Getting a hysterectomy after age 60:
Here's what to expect

Did you know that 33 percent of American women will have had a hysterectomy by age 60? (It's the second most common surgery among women after cesarean-section deliveries.)
While it's rarer to need a hysterectomy after age 60, it's still possible. Since it can take such a toll on a woman's body and emotionally too, it's a good idea to understand what to expect in the recovery stage.
When women over age 60 need hysterectomies, the most common reasons are:
  • Uterine prolapse - This occurs when the uterus protrudes out of the vagina due to weakened pelvic floor muscles and ligaments. It's common in postmenopausal women who have had one or more vaginal deliveries. A surgeon may recommend a hysterectomy if non-surgical treatments have not been successful.
  • Cancer - Since the risk for cancer increases with age, a hysterectomy may be needed if a woman has cancer of the uterus, ovaries, cervix or endometrium.
  • Persistent fibroid tumors - A surgeon may recommend a hysterectomy as a precaution in case the reappearing tumors are precancerous, but this would be a rare circumstance.
What is a hysterectomy, and what are its long-term effects?
A hysterectomy involves the removal of all or part of a woman's uterus, or the "womb," and it may or may not include the removal of the cervix, ovaries and fallopian tubes. It's important to have a thorough conversation with your doctor about all available treatment options (both surgical and nonsurgical) and the implications of each.
One important question to ask your physician is whether your ovaries will be removed. You have likely already gone through menopause, but some surgeons believe the ovaries still produce a small amount of estrogen even after menopause ends, which can help with sexual function.
What happens after a hysterectomy?
Immediately after your surgery, you will have some pain that will be managed with medication. You will be encouraged to get up and walk as soon as you're able to help prevent blood clots in your legs. You will likely have to urinate through a catheter. Initially, you may experience symptoms such as:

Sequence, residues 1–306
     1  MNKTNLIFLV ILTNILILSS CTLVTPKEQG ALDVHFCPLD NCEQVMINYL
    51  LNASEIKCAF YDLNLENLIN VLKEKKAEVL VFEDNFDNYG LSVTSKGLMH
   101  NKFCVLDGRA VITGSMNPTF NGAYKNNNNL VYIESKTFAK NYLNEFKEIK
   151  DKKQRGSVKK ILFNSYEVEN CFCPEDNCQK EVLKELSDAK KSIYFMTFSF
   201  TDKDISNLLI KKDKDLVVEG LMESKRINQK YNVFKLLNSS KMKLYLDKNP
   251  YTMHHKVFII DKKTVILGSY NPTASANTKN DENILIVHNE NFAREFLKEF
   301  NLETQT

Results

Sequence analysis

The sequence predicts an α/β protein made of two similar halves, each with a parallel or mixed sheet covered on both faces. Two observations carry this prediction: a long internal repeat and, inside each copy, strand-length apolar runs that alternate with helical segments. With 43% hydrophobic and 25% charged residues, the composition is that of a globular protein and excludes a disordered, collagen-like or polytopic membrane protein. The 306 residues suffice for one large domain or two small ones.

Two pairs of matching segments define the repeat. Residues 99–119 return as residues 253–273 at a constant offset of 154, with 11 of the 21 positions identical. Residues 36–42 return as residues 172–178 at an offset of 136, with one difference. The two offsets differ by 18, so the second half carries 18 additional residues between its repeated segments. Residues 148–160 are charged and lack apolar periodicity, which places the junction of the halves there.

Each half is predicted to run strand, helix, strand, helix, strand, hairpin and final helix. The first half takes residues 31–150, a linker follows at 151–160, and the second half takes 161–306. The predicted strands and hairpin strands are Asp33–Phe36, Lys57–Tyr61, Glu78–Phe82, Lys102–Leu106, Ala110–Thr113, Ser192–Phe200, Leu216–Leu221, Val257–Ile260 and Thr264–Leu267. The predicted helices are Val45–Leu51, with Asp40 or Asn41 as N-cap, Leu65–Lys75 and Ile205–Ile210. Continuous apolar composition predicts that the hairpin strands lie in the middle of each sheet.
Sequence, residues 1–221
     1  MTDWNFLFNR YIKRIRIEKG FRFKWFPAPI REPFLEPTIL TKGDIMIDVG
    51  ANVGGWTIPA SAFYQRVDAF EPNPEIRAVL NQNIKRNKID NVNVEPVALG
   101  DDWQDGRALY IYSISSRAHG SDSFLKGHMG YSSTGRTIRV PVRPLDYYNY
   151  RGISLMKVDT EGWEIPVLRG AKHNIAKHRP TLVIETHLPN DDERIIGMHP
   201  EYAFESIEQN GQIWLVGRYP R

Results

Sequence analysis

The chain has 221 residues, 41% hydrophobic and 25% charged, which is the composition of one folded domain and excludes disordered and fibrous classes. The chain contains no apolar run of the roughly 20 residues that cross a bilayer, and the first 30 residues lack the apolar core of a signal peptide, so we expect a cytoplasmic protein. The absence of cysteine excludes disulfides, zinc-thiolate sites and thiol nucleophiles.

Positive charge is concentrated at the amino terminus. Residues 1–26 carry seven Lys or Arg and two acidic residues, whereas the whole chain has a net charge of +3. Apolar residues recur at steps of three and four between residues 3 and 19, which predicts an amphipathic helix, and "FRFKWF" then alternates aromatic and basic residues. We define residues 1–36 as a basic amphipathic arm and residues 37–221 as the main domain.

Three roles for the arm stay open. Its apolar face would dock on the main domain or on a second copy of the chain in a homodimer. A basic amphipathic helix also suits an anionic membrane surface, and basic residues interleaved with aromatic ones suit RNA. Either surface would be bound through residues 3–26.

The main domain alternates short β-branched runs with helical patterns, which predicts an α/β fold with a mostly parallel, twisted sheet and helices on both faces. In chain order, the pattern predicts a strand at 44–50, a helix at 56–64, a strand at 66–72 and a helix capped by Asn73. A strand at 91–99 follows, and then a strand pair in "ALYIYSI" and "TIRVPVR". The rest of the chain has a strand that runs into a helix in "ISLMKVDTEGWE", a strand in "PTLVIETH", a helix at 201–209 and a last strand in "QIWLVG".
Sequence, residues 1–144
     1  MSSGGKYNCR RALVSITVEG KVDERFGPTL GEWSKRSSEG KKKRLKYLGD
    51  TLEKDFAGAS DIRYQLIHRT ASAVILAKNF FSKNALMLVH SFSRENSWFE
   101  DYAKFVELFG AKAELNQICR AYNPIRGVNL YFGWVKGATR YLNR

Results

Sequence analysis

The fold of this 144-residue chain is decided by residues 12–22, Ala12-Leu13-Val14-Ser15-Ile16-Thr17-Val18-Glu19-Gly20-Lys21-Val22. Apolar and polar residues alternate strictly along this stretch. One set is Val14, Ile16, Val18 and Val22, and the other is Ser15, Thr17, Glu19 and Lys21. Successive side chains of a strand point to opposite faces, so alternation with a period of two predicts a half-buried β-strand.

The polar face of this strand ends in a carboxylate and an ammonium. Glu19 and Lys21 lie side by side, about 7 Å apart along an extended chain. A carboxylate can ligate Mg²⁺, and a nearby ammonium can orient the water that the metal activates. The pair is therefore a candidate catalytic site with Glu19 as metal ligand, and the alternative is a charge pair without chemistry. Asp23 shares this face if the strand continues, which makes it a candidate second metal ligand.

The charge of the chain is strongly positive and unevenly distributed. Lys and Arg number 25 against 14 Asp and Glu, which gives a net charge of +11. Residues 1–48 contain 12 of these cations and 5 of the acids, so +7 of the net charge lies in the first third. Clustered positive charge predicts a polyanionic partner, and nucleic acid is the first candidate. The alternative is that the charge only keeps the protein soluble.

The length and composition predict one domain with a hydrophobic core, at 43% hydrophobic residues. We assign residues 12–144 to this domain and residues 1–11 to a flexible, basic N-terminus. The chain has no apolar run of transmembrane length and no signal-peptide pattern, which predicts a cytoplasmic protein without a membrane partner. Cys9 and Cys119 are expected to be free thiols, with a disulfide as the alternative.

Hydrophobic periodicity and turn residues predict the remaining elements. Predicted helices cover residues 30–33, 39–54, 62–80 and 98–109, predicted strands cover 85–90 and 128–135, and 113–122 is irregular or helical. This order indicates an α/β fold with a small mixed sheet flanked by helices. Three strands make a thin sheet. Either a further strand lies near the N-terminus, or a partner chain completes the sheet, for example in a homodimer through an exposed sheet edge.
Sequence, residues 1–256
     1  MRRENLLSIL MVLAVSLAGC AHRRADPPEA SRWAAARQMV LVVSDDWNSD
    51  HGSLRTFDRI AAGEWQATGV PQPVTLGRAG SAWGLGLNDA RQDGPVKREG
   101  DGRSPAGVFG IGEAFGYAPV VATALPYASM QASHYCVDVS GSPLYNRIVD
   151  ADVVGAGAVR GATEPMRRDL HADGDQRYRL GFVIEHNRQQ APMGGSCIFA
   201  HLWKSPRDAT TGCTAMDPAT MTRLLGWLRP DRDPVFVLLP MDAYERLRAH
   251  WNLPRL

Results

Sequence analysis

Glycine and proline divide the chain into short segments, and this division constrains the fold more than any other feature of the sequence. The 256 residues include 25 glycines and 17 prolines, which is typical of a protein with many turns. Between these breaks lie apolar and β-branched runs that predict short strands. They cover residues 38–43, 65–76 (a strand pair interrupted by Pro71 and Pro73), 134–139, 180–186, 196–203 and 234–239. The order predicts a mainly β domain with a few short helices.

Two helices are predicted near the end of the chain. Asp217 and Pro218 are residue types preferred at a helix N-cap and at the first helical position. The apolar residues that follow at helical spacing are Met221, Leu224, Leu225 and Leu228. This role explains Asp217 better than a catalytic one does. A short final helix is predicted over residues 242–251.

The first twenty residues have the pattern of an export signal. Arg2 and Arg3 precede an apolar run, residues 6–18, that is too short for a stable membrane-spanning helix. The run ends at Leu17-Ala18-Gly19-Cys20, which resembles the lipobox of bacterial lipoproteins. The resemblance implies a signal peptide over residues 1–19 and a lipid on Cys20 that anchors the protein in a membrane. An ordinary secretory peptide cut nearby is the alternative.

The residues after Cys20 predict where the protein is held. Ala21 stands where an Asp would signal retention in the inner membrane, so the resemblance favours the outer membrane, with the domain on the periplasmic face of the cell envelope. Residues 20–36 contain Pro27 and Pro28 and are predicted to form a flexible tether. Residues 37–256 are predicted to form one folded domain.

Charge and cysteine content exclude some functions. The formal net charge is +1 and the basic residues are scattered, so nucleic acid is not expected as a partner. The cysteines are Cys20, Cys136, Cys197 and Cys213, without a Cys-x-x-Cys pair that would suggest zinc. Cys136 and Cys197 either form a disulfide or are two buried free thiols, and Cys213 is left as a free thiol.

• Constipation
  • Temporary problems urinating
  • Bloody vaginal draining that could last several weeks (This should not be as heavy as a regular period.)
  • Depression or feeling a sense of loss
When you can go home will depend upon what kind of surgery you had.
  • Abdominal hysterectomy - This procedure has the greatest risk for complications. You will likely be in the hospital for two to three days, and it can take up to four to six weeks to fully recover.
  • Vaginal hysterectomy - With this procedure, women may spend one night in the hospital or even go home the same day. It can take three to four weeks to recover.
  • Laparoscopic or robotic hysterectomy - This procedure is the least invasive option and can take two to four weeks to recover.
Once home, it's important to keep watch for signs of infection, which can include:
  • Fever or chills
  • Heavy bleeding
  • Severe pain
  • Redness or discharge from the incision site
  • Urination or bowel movement issues
  • Shortness of breath or chest pain.
You will need to avoid heavy lifting and sex for the first six weeks to allow your body time to recover.
Talk to your gynecologist
If you're experiencing heavy bleeding, abdominal pain or other worrying symptoms, talk to your gynecologist about your concerns and treatment options. With the proper treatment, whether surgical or non-surgical, women typically go on to live happy, pain-free lives.

Declutter & Destress before the Holidays
Join us Nov. 9 for an engaging
conversation, including tips
and strategies to clear out the
clutter and organize your home
before the holidays. Learn the
effects of disorganization on
your mental health from our
behavioral health specialist.
Register here.


Questions? Comments?  

Contact Amey Lupinsky , marketing manager, Women & Children's Services